Philippine Senator Joel Villanueva filed a bill in late June that would criminalize the “malicious distribution of false news.” Media groups are warning it could lead to censorship.
Villanueva’s Senate Bill No. 1492 or “An Act Penalizing the Malicious Distribution of False News and Other Related Violations” defines fake news as “those which either intend to cause panic, division, chaos, violence, and hate, or those which exhibit a propaganda to blacken or discredit one's reputation.”
The bill assigns penalties to those who publish “fake news” and even to those who share it, potentially criminalizing social media users who may not fully understand the implications of simply sharing an article with friends.
Prison sentencing under the proposed law depends on the status of the entity who publishes or spreads the so-called “fake news”. A private individual found guilty of publishing or spreading fake news can face a prison term of up to five years. A government official's sentence would be double that of a private individual. And a media entity or social media platform spreading fake news could be detained for up to 20 years.
Villanueva explained the rationale behind these penalties:
The effect of fake news should not be taken lightly. Fake news creates impression and beliefs based on false premises leading to division, misunderstanding and further exacerbating otherwise strenuous relations.
He added that the passage of the bill “will encourage our citizens, especially public officers, to be more responsible and circumspect in creating, distributing and/or sharing news.”
Journalism Professor Danilo Arao reviewed the four-page bill and summarized his objections:
Definition of “false news or information” under Sec. 2 is so broad that it includes practically anything perceived to cause, among others, panic and hate (obviously hard to define)…
Media organizations could be subjected to censorship under Sec. 3 of the proposed law because even fair commentary or investigative reports that are perceived to tarnish the reputation of a public official could be flagged as “false news”.
Arao further disputed the need for a special law mentioning public officials, reasoning that they are already assumed to be following a code of conduct.
In a TV interview, a spokesperson from the Center for Media Freedom and Responsibility said the proposed legislation is unnecessary because Philippine libel law already addresses the issues raised by the senator.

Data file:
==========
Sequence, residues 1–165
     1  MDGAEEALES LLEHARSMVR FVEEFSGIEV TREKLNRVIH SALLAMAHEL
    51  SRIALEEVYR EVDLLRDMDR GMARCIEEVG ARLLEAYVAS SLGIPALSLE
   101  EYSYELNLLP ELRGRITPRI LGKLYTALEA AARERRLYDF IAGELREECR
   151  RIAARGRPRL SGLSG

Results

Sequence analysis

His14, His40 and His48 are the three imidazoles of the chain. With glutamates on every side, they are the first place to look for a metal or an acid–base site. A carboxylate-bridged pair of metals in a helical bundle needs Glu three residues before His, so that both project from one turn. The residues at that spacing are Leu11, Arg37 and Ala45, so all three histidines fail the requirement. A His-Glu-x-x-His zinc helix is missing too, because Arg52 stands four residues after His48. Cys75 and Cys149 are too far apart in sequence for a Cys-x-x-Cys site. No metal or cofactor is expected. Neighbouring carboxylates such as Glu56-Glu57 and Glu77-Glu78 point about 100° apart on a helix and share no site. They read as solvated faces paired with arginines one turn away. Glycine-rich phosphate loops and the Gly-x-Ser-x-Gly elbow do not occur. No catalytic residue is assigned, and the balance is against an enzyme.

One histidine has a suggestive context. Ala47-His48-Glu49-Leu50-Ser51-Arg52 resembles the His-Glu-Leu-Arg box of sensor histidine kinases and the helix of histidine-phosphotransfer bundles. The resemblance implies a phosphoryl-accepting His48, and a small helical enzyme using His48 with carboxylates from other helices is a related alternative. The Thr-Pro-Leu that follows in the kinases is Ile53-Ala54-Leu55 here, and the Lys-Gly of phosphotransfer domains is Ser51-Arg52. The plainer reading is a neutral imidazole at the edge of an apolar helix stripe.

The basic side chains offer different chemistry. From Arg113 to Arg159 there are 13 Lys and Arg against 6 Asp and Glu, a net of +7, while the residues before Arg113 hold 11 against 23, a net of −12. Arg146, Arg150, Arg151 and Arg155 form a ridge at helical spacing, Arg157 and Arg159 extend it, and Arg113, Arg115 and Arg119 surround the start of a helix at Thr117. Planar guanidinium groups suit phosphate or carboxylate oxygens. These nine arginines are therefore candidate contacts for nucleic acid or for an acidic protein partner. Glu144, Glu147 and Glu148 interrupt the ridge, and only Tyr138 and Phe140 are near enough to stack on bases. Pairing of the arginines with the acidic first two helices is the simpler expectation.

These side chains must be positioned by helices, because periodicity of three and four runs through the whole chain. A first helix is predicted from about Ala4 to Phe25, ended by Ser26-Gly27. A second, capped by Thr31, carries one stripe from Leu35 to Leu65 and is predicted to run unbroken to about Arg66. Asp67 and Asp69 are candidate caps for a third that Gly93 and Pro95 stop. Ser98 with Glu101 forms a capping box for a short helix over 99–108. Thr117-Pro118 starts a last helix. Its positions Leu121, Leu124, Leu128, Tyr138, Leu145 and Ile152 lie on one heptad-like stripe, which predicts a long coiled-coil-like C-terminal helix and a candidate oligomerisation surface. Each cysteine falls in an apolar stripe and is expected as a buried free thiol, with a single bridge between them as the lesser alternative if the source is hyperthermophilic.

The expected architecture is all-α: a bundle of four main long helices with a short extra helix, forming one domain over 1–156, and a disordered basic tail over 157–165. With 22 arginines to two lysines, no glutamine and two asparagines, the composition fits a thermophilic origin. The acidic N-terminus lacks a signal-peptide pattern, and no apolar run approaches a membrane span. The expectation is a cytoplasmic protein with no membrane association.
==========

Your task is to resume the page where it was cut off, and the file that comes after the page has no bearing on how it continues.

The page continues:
A member of the House of Representatives proposed that instead of criminalizing fake news, the congress should work to approve a pending Freedom of Information bill that he says would help counter the irresponsible sharing of false information on media and the Internet.
AlterMidya, a network of independent media groups, denounced Villanueva’s bill as “irresponsible, unnecessary and dangerous attempt to impose a form of censorship on free expression and press freedom.”
How does one distinguish between a false report based on an honest mistake and one maliciously spread through print, broadcasting and online?
It would endow the bureaucracy with the arbitrary power to declare any media issuance contrary to government interests as fake news, while approving, loudly or otherwise, even the most fraudulent report from either private or State media so long as it favors whatever regime is in power.
Veteran journalist Luis Teodoro reminded the senator that there are better ways to fight fake news:
Accountability in the exercise of the right to communicate is best enforced, not by the State, but by the media community itself as well as by a public media-literate and responsible enough to detect and not to spread fake news.
Philippine Star newspaper columnist Jarius Bondoc warned that if the bill becomes law, it could be abused by authorities who want to silence critics:
The bill is prone to abuse. A bigot administration can apply it to suppress the opposition. By prosecuting critics as news fakers, the government can stifle legitimate dissent. Whistleblowers, not the grafters, would be imprisoned and fined for daring to talk. Investigative journalists would cram the jails.
This is not the first time that a Philippine legislator has filed a bill that seeks to address the negative impact of fake news. Early this year, the Speaker of the House of Representatives proposed regulating social media to prevent the spread of fake accounts and fake information.